Yeah, it can be a time saver. Expensive but can get you out of a bind
if you're in a hurry.
The Lowes near me used to carry a gorgeous selection of Douglas Fir.
Talk about straight grain! Man, I miss that stuff.
"Playing is not something I do at night, it's my function in life"
McCoy's (3/4 mile from me) used to carry yellow pine that was
exceptional. I made a lot of "stuff" with it.
I still have a piece of Ponderosa Pine, 2X8X12 that is straight as an
arrow. Got it at Austin Hardwoods here. Came from Mexico.
Speaking of that kinda' thing, there are still a dozen or so 2X12x20(!)
Doug fir up in the hayloft that were from the construction of the small
feed mill and bins we put in the hayloft back in late '50s/early '60s.
Quite a bit of 16' stuff from 2x6 up. I haven't been able to bring
myself to even touch any of it; virtually all of it is totally clear.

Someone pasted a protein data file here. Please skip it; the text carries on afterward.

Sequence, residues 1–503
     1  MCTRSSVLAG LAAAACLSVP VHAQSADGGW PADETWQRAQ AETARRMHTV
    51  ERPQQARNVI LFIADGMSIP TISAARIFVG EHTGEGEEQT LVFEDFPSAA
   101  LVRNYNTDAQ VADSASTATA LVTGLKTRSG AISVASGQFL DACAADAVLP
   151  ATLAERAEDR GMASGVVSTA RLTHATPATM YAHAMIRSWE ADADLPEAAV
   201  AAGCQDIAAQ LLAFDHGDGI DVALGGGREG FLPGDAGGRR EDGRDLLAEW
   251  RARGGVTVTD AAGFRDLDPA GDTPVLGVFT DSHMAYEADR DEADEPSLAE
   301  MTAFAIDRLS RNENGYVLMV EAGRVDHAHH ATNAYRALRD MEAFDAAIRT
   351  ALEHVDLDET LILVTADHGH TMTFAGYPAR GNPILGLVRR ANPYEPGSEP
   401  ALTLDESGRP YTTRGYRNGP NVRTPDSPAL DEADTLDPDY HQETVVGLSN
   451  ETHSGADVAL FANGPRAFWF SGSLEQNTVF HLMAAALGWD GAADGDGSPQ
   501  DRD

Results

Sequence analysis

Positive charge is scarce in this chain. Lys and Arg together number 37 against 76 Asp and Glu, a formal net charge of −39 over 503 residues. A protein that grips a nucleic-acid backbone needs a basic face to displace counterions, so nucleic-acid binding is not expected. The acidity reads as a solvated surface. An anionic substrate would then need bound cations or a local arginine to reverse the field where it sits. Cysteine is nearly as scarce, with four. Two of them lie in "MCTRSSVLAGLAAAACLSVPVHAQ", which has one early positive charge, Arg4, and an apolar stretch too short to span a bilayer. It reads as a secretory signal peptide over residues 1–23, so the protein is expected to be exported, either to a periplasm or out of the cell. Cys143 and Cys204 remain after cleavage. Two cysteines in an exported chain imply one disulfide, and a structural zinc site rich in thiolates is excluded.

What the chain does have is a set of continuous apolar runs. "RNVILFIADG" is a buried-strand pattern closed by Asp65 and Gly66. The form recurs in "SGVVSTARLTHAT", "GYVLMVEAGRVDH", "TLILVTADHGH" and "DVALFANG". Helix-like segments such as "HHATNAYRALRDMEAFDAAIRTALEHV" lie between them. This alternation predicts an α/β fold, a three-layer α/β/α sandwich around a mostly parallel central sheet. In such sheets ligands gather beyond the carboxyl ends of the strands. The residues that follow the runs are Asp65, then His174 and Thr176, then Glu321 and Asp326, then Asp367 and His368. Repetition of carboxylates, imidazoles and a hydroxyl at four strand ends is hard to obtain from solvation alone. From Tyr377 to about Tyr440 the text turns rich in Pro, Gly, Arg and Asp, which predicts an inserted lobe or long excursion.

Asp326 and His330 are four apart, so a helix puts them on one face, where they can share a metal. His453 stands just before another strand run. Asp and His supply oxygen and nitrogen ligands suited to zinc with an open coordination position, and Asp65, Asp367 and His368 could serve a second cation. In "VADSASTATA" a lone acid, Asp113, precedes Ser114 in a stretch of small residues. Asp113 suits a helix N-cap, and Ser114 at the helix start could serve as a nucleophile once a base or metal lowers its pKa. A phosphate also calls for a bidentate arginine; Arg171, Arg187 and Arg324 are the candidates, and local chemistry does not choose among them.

I doubt one could order a 20-footer these days, what more find it in a
yard but I remember Dad just called up and had stuff delivered back then...
The barn itself was built right after rationing was lifted after WW-I
(the foundation was poured before but grandfather didn't get the lumber
before rationing hit so it sat for a few years) from SYP. The posts are
three to five 2x6 or 2x8 nailed together and the ones down the sides of
the two aisles of the mow to the break of the roof pitch are 20-ft as
well. It's nearly 30-ft from the mow floor to the center ridge, just
under 40 to the ground...standing on the roof ridge while reroofing
could see well over the front edge of the 40-ft silos...
I've cut some of the old SYP from either reclaimed or lain around and
the growth rings from end are 1/16" max...none of this fast-growth stuff
If you have good stock then there should be no problems with 'springing'
but if you are unlucky enough to buy crap wood then almost anything is
possible when ripping. You'd be surprised at how many different directions
a single piece of wood will try to go when relieving its internal stresses.
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